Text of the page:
Australian primary insurance giant Suncorp reported its fiscal year 2022 results to June 30th this morning, revealing that its natural hazard losses ran above budget during the year, resulting in “significant recoveries” from its reinsurance.
In fact, revenues from reinsurance and other recoveries for its Australian insurance business was reported to have reached AU $2.26 billion for the fiscal year, 170% up on the prior year’s AU $837 million.
The majority of those recoveries came during the first-half of the 2022 calendar year, after Suncorp’s reinsurance towers all began to pay out, delivering benefits from its aggregate reinsurance and per-occurrence protection.
Precisely how much of the figure is related to catastrophe and severe weather losses during the period is hard to derive, given the figure of reinsurance and other recoveries also includes prior year development and perhaps some other inputs, we understand.
But clearly Suncorp’s reinsurance has proved incredibly important for the insurer in the last financial year of record, helping to offset the severe losses it has faced.
Suncorp’s group net profit after tax dropped 34.1% to $681 million for the 2022 fiscal year.
“The prevailing La Niña weather pattern across Australia and New Zealand led to 35 separate weather events and around 130,000 natural hazard claims,” the insurer explained.
Natural hazard costs reached AU $1.08 billion for the year, up on the prior year’s $1.01 billion, Suncorp said.
Adding that, “This resulted in the Group exceeding its natural hazard allowance by $101 million, with significant recoveries made under the Group’s reinsurance program.”
Suncorp reported 35 natural hazard loss events that cost it more than AU $5 million during the fiscal year, but because of its reinsurance program structure events from late February 2022 onwards saw their losses capped at that amount, as the aggregate reinsurance kicked in.
This has meant that Suncorp only suffered a $5 million loss for the severe flooding and storms in March this year, a significant event that would have had a particularly high cost for the company, if its reinsurance wasn’t available.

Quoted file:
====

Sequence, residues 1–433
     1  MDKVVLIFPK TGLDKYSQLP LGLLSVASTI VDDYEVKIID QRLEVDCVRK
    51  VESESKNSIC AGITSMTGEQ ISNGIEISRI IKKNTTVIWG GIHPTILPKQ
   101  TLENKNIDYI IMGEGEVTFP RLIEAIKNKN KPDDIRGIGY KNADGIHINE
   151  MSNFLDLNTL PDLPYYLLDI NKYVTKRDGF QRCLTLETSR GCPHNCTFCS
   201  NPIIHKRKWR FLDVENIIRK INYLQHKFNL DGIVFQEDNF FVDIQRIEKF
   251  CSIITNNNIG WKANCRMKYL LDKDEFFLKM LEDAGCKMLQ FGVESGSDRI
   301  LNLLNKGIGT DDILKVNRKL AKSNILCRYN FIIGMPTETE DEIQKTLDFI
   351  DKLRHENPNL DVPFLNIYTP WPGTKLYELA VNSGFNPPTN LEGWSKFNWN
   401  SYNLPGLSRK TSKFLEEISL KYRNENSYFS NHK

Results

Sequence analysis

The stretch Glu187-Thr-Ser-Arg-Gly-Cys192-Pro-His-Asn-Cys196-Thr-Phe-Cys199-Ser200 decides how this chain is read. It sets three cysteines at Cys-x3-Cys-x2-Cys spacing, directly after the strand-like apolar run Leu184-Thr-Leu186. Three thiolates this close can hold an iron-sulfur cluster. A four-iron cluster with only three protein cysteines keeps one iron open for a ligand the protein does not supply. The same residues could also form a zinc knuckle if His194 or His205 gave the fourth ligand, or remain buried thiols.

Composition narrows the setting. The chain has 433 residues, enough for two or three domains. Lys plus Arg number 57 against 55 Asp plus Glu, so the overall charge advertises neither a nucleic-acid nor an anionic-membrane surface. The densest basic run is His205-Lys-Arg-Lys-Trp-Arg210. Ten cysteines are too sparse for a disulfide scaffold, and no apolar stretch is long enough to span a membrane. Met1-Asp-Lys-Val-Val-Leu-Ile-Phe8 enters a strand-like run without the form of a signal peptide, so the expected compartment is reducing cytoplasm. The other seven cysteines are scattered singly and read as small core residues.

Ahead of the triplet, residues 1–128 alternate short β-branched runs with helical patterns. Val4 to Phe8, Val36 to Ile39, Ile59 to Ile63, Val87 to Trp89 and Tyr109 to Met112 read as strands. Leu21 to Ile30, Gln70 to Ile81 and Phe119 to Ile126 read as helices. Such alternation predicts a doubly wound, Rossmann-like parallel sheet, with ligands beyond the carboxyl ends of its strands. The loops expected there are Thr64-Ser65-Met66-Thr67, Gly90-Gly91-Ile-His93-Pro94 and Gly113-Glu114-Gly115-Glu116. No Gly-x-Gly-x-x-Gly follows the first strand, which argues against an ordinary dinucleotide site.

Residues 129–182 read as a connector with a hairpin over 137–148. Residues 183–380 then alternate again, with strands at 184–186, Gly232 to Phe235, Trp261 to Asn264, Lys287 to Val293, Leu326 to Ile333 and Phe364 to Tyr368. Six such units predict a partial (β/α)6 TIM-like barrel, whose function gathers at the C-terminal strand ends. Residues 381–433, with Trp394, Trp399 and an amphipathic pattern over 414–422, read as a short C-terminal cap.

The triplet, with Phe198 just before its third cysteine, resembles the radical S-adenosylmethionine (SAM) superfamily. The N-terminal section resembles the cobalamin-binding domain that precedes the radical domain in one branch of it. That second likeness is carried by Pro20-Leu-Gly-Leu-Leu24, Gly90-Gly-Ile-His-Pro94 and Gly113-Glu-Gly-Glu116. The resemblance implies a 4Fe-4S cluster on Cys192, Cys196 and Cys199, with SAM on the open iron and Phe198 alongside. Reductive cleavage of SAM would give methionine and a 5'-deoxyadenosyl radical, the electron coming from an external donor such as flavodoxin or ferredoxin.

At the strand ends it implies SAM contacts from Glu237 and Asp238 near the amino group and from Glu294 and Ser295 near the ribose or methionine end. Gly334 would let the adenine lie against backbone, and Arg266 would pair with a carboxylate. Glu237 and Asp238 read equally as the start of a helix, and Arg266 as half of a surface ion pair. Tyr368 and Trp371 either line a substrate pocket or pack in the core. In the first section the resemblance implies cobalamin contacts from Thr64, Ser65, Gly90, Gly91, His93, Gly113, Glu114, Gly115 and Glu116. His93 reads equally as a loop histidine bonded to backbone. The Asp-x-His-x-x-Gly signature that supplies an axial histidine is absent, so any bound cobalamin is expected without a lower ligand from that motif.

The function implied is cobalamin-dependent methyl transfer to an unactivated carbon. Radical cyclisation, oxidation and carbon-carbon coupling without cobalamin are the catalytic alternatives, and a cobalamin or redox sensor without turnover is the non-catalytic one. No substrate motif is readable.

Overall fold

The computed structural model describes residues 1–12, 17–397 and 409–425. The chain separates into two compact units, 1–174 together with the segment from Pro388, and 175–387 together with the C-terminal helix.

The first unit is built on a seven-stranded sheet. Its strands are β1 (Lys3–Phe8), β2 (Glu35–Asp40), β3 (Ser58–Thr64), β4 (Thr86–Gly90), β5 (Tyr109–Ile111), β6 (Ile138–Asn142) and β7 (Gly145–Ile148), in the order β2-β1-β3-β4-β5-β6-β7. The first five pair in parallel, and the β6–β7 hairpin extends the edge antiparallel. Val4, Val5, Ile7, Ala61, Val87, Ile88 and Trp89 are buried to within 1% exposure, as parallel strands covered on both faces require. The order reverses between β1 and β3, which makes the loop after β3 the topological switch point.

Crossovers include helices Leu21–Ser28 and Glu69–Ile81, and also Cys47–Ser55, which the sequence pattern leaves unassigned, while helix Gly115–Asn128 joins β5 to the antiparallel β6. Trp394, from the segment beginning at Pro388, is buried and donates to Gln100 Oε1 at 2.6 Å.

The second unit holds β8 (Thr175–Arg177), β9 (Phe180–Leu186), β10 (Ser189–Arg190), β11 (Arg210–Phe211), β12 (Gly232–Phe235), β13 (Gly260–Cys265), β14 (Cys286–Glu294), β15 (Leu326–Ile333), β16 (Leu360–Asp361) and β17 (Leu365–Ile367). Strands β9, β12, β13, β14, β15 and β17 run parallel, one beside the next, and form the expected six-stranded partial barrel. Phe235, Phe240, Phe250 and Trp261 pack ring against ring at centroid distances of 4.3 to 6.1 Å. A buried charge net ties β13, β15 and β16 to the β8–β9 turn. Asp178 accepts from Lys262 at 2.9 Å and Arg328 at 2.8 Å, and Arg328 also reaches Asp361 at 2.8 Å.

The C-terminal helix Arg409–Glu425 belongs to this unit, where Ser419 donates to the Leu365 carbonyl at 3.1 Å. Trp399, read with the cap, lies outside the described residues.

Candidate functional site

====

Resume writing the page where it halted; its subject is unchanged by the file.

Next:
Suncorp had already topped up its aggregate reinsurance earlier this year, which provided additional cover.
The company then said in March that the March floods and storms would be counted as four events for reinsurance purposes and that it expected to trigger its aggregate catastrophe reinsurance, its drop-down protection and its main catastrophe excess-of-loss tower.
It seems, given the size of the recoveries made in the last year, that Suncorp likely tapped all of those reinsurance arrangements after the floods in March.
Suncorp has boosted its natural hazards allowance to $1.16 billion for the next calendar year, up from the $980 million it had been set at and easily exceeded in 2022.
When renewing its reinsurance the company has lifted its aggregate reinsurance attachment point, likely in response to higher pricing and demands from reinsurers, having tapped it for recoveries in recent years.
Suncorp Group CEO Steve Johnston commented, “First and foremost, we have thrown our full support behind our customers, many of whom have been displaced by the far-reaching impacts of the La Niña weather pattern.
“At the same time, we have maintained our focus on executing our strategic initiatives and this has allowed us to offset increasing inflationary pressures, particularly in home and motor vehicle repairs.
“A highlight of this result is the GWP growth that has been delivered and the increased underlying ITR, which demonstrates that we can meet the needs of customers and make good progress against our strategic initiatives.
“We are proud of what we have delivered this year and the hard work we have done over the past three years means we are able to reaffirm our FY23 targets.”